Also remember that in a few years many previously inanimate objects in your home will be connected online in the "internet of things." My home already has 14 networked devices, each supping data over broadband...but that's going to increase when we're able to Google to find our car keys. Indeed at an innovation conference this week a Philips representative said he expected  50 billion devices to be online by 2020--six times the global human population. Ultrafast broadband would enable more of these devices to share your home connection, and also for more data to be sent to and from each one at a faster rate.
While some may quibble  about the absolute details thanks to the source, there are many studies  like the recent one  by network equipment maker Ericsson that correlate broadband speed with economic boons. This particular study of 33 OECD countries suggested that for every doubling of broadband speed results in economic changes that boost GDP by at least 0.3%, which equates to roughly $126 billion right now.
The reasons for this are manifold, including faster and more efficient data moving within a company's corporate systems, better real-time access to consumers and clients, faster payment processing and so on, and all of these would be boosted by faster Net. Wall Street is already busy chasing toward  millisecond-scale trading, and it's impossible to quantify what benefits would arise from 2,000 times faster networking--though they'd be large.
Ultrafast broadband solutions like this can also have benefits in behind the scenes technology you'll rarely have to think of--the giant mess of wires and computers that your broadband supplier needs to get data across the world to your home, place of work or smartphone. By speeding up data transfers, the Bangor system could lower infrastructure costs and thus indirectly lower end-user costs. It could also future-proof the system against the burden of installing more conventional servers and fiber to cope with ever-increasing data consumption.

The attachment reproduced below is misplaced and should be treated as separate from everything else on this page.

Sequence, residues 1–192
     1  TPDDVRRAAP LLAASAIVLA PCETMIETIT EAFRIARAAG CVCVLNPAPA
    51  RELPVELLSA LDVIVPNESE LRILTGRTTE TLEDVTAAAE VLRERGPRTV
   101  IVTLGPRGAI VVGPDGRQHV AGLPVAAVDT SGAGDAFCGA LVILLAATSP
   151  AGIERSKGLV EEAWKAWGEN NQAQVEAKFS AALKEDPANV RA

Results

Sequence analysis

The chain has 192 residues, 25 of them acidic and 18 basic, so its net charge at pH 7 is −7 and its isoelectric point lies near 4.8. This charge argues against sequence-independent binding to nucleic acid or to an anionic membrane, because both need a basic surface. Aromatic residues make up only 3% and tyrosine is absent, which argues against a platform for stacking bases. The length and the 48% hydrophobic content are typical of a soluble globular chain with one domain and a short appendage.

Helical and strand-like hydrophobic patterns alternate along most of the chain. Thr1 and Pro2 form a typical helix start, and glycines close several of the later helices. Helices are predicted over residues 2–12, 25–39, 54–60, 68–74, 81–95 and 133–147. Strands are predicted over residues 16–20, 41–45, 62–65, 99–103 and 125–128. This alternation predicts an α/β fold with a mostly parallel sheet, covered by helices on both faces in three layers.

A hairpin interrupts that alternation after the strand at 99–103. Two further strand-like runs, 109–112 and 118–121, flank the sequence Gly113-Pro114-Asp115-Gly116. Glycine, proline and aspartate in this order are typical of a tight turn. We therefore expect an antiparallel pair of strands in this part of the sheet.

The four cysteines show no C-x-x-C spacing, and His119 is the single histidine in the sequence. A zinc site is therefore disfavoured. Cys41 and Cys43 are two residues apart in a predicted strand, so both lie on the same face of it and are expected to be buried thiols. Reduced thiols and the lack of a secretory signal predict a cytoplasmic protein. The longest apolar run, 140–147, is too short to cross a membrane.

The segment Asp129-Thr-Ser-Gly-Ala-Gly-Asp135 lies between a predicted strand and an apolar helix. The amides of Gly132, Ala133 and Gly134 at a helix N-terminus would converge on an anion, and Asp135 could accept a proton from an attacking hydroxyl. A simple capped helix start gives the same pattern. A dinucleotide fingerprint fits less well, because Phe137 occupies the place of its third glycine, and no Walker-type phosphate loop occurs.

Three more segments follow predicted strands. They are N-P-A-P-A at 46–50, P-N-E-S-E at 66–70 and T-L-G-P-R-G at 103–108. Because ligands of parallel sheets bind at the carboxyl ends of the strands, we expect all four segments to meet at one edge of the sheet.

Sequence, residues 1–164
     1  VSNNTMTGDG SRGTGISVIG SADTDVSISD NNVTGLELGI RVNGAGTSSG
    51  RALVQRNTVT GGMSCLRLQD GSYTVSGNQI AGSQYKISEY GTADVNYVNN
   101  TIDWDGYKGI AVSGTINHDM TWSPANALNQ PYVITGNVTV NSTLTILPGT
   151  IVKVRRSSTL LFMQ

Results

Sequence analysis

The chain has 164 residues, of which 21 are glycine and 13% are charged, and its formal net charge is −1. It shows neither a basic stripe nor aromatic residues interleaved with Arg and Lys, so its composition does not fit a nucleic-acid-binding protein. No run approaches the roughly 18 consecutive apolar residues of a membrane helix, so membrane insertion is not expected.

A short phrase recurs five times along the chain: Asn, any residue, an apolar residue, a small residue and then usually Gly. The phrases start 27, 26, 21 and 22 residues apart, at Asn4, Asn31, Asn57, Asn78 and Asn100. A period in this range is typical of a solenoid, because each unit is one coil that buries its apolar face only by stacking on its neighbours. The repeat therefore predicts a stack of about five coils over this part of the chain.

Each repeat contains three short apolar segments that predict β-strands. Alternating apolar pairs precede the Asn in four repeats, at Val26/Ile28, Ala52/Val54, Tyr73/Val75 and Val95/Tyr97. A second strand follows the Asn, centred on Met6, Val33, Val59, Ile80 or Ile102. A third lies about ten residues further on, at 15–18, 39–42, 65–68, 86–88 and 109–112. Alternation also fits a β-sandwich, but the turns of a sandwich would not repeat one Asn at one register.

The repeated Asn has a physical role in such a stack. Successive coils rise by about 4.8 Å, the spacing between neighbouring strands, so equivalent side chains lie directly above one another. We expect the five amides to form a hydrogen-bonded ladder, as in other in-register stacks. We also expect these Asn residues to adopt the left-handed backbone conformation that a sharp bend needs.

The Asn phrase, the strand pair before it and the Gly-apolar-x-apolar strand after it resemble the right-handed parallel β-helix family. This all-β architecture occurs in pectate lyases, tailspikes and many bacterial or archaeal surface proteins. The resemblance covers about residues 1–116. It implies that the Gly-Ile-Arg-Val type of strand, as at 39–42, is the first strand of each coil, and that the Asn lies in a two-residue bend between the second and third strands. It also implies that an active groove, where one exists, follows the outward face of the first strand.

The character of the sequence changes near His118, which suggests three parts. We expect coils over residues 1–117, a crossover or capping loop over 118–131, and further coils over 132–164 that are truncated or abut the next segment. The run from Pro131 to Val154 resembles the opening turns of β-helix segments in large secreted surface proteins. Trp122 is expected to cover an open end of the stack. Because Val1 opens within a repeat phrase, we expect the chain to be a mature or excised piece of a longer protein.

When you read news like AT&T's plans  to spend $14 billion on broadband and wireless infrastructure for current-gen tech, spread over the next three years, you can see how important a large-scale infrastructure saving could be.
Best of all, systems like that proposed by Bangor can be more tolerant of errors and low quality fiber, which improves network resilience and again can lead to lower costs. And the capability for using less machinery to achieve faster data rates has an impact on energy consumption and thus the carbon footprint of a network.
There's something of a push for faster broadband access across the world, and even government bodies from Scotland  to New Zealand  are playing their part. This interest comes from perceived benefits in terms of economic stimulus and perhaps even better government 2.0 services. Labor party spokesperson Richard Baker has even been quoted as saying that Scotland's current plan is not only about boosting small businesses and better use of cloud computing for big data, but that "high speed internet was all about having a socially inclusive society, in which no one is left out of the equation."
But governments will leap at ideas like Bangor's because ultra-fast broadband could lead to more innovation... in a sort of "if you build it, they will come" style. We may not even be able to imagine what these innovative new businesses and services will be like yet, in the same way a dial-up consumer in the 1990s would have a hard time imagining Instagram.
[Image: Flickr user jurvetson ]